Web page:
The investigations are now proceeding in Wisconsin of the alleged incident on the Supreme Court, in which liberal Justice Ann Walsh Bradley has accused conservative Justice David Prosser of grabbing her neck in a chokehold, during an argument. As it turns out, for one of the ongoing investigations into the problems on this very polarized and acrimonious state Supreme Court, the ultimate arbiter of the controversy would be…that very Supreme Court.
Assuming both Prosser and Bradley recused themselves, that would leave the court’s now very polarized wings at 3-2 for the conservatives. But even this could be a hairy situation — how would recusal work when multiple other justices were witnesses to the incident in question?
On Monday, the Dane County (Madison) Sheriff’s Office announced that it was taking up the investigation of the alleged assault, after the case was handed over to it by the Capitol Police (who in turn consulted with the Supreme Court itself on the decision). In addition, the Wisconsin Judicial Commission, which investigates alleged misconduct involving judges, released a statement Monday that it, too, was looking into the alleged incident, and would have no further comment about the case.
To be clear, both of these investigations could potentially continue, separate from one another.
According to the commission’s web site, the commission consists of “one court of appeals judge, one circuit court judge, and two attorneys, all appointed by the Supreme Court; and five non-lawyer members appointed by the governor with Senate confirmation.” The commissioners are appointed to three-year terms, with a limit of two consecutive terms. The current members of the commission were appointed over a spread of the past six years.
TPM called up the commission, seeking a basic civics lesson in how the commission and its investigations work, keeping in mind that they could not comment on the specifics of this case.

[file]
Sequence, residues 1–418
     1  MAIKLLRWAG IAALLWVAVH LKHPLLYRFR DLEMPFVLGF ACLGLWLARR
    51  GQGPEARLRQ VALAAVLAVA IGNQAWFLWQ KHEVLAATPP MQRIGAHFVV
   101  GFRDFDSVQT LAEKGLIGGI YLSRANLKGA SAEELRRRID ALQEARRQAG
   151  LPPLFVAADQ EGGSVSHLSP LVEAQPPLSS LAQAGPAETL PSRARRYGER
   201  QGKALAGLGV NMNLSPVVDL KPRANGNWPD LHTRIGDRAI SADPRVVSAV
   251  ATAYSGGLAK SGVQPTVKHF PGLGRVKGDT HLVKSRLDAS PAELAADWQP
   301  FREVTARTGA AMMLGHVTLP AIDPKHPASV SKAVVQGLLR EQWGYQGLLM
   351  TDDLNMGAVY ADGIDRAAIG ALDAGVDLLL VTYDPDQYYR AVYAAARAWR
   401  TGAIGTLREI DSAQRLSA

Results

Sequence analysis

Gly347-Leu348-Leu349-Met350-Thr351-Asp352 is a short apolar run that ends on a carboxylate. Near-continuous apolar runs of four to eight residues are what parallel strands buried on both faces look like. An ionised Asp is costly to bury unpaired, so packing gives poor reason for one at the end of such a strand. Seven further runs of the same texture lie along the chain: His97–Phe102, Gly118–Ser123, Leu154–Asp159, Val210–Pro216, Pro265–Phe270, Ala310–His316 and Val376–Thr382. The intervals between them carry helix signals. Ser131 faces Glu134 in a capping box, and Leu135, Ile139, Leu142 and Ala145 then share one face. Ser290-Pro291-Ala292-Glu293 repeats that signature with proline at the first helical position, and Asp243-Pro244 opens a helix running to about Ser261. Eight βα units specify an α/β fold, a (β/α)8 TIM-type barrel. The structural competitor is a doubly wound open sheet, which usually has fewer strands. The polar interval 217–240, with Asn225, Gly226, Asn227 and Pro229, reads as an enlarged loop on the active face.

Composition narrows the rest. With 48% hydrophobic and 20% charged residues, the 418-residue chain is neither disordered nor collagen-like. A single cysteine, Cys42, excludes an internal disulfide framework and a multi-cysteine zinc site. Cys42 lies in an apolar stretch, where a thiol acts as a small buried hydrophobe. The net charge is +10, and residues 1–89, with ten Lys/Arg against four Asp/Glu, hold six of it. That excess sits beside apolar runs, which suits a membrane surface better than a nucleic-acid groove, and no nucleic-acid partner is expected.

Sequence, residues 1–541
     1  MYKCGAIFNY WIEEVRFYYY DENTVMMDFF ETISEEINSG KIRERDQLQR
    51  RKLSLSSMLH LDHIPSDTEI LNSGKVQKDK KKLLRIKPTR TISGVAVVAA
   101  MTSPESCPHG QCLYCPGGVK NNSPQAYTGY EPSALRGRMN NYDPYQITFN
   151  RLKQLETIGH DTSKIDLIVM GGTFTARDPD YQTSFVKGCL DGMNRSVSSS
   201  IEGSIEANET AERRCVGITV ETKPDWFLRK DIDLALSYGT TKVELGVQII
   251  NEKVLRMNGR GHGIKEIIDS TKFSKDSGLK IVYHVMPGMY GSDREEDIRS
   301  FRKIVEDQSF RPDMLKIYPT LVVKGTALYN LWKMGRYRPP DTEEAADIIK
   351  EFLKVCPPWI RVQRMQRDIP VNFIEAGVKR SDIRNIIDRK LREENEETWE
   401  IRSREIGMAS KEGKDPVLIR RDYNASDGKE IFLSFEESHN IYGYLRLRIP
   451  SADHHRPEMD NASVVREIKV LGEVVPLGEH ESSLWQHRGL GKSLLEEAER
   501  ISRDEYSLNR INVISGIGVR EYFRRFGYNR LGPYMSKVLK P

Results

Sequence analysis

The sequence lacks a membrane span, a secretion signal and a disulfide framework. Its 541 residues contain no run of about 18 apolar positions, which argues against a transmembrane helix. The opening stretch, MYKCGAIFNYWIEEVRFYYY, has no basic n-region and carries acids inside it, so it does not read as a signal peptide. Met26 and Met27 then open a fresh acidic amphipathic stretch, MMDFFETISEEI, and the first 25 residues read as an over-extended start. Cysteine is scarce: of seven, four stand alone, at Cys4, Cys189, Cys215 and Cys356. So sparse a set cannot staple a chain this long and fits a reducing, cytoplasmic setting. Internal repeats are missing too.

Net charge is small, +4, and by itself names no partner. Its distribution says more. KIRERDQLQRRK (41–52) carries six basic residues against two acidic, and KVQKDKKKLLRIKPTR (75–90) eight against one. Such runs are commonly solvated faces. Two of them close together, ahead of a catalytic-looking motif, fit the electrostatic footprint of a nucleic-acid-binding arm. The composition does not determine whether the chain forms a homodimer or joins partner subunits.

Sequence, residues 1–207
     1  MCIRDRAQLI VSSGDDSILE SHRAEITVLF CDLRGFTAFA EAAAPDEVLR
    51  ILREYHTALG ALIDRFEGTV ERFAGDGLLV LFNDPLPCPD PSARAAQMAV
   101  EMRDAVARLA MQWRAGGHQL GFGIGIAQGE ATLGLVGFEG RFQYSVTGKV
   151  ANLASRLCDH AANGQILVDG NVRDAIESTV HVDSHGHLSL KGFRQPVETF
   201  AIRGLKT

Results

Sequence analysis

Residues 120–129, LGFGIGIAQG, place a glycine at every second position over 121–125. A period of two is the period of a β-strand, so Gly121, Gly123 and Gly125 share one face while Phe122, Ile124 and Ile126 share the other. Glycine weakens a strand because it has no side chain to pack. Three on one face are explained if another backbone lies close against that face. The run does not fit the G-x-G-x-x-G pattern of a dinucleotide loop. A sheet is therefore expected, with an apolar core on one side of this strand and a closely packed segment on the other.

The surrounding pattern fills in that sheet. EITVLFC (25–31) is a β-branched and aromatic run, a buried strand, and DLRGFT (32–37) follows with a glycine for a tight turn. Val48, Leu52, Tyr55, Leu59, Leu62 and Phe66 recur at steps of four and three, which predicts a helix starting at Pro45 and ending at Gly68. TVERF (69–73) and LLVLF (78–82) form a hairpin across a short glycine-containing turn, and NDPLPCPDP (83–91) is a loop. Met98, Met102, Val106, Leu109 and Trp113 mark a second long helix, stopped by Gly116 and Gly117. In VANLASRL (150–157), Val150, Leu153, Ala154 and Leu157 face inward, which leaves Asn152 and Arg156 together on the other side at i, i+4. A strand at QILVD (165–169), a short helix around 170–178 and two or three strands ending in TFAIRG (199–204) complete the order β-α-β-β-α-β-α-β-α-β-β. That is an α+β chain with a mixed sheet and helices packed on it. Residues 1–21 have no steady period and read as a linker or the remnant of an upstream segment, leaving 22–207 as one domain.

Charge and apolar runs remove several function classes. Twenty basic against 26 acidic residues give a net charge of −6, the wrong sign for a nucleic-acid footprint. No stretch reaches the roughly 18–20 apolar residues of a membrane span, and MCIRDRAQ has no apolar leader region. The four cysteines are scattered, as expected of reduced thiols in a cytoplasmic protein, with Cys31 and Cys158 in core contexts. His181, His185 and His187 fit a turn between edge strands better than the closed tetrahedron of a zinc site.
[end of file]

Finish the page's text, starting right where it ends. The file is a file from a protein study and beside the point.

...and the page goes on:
Commission spokesman James Alexander explained that the commission itself does not mete out judicial discipline. “The commission is just an investigatory and prosecutorial agency,” Alexander explained. “It can’t make findings of fact and law. We have to try our cases like anyone else.”
Instead, in cases of alleged misconduct by a judge, the commission’s attorneys try a case before a three-judge panel, selected by the Chief Judge of the Court of Appeals. “They make findings of fact, and conclusions of law,” said Alexander, “and make recommendations to the Supreme Court.”
It is then the Supreme Court that makes the final decision.
This process in relation to the polarized Supreme Court came to a head in 2010, when conservative Justice Michael Gableman, who had defeated appointed incumbent liberal Justice Louis Butler in a heated election in 2008, faced a complaint of false advertising from the race, in which he attacked Butler’s past career as a defense attorney.
When the commission tried the case before a three-judge panel, the panel sided with Gableman and recommended dismissing the case. When this decision was then brought to the Supreme Court, with Gableman recusing himself, the court split 3-3 — thus not overturning the decision of the lower court, in a win for Gableman — along the court’s existing conservative and liberal lines. The liberals — a group that included Bradley — called for the commission to be able to re-try its case before a jury, and were in turn castigated by the opinion of the conservatives, including Prosser.
TPM asked Alexander whether in a case of alleged attack by one judge against another judge, would both judges be required to recuse themselves. Alexander declined to comment.